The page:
GNG Leicester's Ashvir Singh Johal (second from left) - West Ham's Rashid Abba (far right)

Singh Johal: Working with Rodgers was 'a real education'


Trailblazing coach Ashvir Singh Johal says working with Brendan Rodgers at Leicester City was the perfect education for his new role as first-team coach at Wigan Athletic.

Singh Johal will become the first Sikh-Punjabi to take to the touchline in Sky Bet Championship history when he joins newly-appointed Wigan manager Kolo Toure in the away dugout at The Den on Saturday afternoon.

The Leicester-born coach spent almost a decade with the Foxes, working across the club’s development centres and community schemes, before progressing into a full-time employment at Leicester’s academy – where he worked with every elite age group right through to U18 level.

Rodgers has spent nearly four years as Leicester boss, and Singh Johal said the former Liverpool manager’s dedication and precise approach separates him from other coaches in the game.

“It’s been a real education to be around Brendan for the last few years,” Singh Johal told Sky Sports News.

“Brendan Rodgers is a top, top manager, he’s someone who is a great role model for young coaches working in the game now. He’s very, very organised, very detailed and he’s a very good people-person, so his relationships with players and with staff [are excellent].

“He’s very organised, and to see that level of detail at the highest level of the game is [mainly] what I took off him over the last few years.”

Toure followed Rodgers to Leicester from Celtic in 2016, and takes over a Wigan side that sit 22nd in the Sky Bet Championship, having lost 10 league matches this season.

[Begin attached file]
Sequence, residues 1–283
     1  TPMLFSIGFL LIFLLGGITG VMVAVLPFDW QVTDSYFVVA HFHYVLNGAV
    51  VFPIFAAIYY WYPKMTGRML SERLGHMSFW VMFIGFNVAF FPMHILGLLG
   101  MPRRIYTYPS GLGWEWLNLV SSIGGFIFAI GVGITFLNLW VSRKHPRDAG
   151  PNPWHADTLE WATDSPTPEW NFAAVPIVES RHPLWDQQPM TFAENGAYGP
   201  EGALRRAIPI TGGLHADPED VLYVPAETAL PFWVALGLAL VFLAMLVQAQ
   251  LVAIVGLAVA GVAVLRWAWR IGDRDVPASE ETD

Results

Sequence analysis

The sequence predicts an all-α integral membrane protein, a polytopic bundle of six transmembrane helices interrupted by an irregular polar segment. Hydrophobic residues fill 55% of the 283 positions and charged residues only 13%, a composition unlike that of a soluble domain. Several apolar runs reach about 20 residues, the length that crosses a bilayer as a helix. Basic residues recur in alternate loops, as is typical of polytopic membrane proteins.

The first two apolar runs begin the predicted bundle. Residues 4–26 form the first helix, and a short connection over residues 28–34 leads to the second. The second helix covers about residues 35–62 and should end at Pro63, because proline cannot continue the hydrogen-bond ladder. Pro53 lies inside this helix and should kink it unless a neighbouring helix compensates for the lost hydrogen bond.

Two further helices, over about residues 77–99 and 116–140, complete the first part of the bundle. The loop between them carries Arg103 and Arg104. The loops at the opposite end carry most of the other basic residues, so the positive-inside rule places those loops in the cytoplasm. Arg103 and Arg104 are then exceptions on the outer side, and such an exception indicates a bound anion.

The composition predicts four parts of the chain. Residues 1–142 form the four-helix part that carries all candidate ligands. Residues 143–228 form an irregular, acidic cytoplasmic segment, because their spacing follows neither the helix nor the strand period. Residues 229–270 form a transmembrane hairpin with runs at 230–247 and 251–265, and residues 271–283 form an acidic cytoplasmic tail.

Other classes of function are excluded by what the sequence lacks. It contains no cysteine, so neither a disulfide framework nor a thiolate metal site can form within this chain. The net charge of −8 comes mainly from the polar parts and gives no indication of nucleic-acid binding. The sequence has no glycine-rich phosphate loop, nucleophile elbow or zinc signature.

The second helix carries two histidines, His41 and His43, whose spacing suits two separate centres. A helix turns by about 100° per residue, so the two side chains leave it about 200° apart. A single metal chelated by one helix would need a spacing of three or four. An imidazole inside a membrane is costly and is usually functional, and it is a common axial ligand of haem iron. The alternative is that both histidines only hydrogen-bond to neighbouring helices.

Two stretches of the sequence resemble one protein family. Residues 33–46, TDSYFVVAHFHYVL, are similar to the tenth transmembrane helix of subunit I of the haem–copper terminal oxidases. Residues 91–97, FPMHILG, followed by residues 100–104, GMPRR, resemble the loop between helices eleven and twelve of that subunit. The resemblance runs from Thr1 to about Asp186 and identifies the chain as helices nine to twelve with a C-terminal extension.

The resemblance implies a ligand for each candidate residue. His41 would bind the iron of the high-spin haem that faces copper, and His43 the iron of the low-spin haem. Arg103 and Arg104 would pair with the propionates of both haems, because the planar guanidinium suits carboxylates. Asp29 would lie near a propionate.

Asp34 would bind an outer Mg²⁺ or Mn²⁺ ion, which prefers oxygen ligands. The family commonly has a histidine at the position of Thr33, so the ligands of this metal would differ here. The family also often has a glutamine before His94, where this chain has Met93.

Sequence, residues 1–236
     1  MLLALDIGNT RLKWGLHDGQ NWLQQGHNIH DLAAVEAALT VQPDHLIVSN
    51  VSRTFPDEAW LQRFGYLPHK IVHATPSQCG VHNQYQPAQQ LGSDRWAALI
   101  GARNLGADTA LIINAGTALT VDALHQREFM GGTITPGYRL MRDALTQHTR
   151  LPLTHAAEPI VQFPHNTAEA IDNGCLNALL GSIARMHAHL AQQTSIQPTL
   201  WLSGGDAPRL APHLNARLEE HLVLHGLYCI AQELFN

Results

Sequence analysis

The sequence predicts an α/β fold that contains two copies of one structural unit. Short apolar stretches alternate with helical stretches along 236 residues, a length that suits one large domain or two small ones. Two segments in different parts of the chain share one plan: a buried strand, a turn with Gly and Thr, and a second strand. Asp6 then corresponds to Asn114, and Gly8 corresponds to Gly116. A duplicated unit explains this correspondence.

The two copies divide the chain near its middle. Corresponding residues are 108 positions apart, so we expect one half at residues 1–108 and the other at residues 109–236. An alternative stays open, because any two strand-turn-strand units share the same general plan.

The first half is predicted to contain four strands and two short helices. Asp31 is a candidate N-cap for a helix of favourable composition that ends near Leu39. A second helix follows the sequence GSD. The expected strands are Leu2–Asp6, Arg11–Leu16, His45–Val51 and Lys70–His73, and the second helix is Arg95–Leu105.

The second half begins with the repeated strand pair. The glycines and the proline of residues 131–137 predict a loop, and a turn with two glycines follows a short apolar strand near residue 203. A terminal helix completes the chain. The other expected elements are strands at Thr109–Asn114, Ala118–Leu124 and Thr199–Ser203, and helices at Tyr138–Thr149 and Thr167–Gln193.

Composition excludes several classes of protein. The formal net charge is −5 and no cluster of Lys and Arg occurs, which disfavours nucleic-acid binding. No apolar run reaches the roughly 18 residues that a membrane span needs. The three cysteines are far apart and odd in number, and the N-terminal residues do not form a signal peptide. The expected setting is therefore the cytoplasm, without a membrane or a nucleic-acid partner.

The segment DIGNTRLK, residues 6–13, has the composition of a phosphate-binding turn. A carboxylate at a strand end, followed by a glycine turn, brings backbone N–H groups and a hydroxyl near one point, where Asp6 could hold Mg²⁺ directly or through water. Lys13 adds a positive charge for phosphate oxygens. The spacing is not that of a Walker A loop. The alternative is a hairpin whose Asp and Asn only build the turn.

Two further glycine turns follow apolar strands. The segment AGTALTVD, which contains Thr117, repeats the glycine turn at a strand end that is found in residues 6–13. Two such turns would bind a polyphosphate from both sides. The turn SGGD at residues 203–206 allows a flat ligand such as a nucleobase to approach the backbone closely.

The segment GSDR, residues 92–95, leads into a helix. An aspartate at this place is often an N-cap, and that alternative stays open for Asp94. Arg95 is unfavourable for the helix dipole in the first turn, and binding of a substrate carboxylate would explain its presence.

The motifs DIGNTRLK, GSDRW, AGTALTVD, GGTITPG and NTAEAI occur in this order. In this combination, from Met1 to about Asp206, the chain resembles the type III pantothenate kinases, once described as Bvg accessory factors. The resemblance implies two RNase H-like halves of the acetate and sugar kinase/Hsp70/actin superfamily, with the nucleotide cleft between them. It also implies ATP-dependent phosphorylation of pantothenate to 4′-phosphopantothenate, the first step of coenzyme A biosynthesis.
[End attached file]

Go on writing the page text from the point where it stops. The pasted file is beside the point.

Singh Johal explained his relationship with Toure has grown over the course of time, adding the Ivorian’s coaching staff are ready for the challenge and know they will be judged solely on results.

“I’ve known Kolo for a number of years now since he came in with Brendan Rodgers and his staff to Leicester City. And over those years, we’ve gotten to know each other a little bit more. We [regularly] spoke about football, and we worked a little bit together, and now I’ve been given this opportunity to work with him here as part of his staff at Wigan Athletic.

“It’s going to be an exciting time, and thank you to the club for giving me the opportunity to come in as part of Kolo’s backroom staff. We’ve got to make sure now that the work every day on the training pitch and on a matchday helps the team improve and helps the team win games.”

Singh Johal is a product of hometown club GNG Leicester, who are linked to one of the city’s, and the country’s, most famous Sikh temples, Guru Nanak Gurdwara.

The Wigan first-team coach wears a traditional Sikh head covering called a patka, and is relishing the opportunity to inspire South Asian and Sikh-Punjabi children, who aspire towards a career in the game.

“I’m a Sikh, so my principles, the way I live my life, I follow a certain set of principles from the Sikh religion and that will not change whether I’m in football or not.

“Whether I’m in training sessions [or] in the dugout on a matchday, that’s who I am, that’s how I am and I think if that visibility provides inspiration to somebody watching then that can only be a positive thing.”

Image:
Ashvir Singh Johal (second from left) led GNG Leicester to glory in the KFF summer tournaments. Former mentor, Rashid Abba (far right), is now at West Ham

West Ham academy link mentor and former Leicester academy coach Rashid Abba, who has known Singh Johal since he was young, told Sky Sports News earlier this week that the 27-year-old is “a wonderful role model”, adding that he has given hope to the next generation of coaches from diverse ethnic backgrounds.

Singh Johal said: “Thank you to Rashid for those kind words. Rashid is someone who I’ve known since I was four or five. He’s someone who has coached me at GNG, he’s been involved at Leicester City and now at West Ham.

“He’s a real legend of football, a top, top person, a top coach, a top coach educator. And it’s nice to hear those words from him.”

British South Asians in Football

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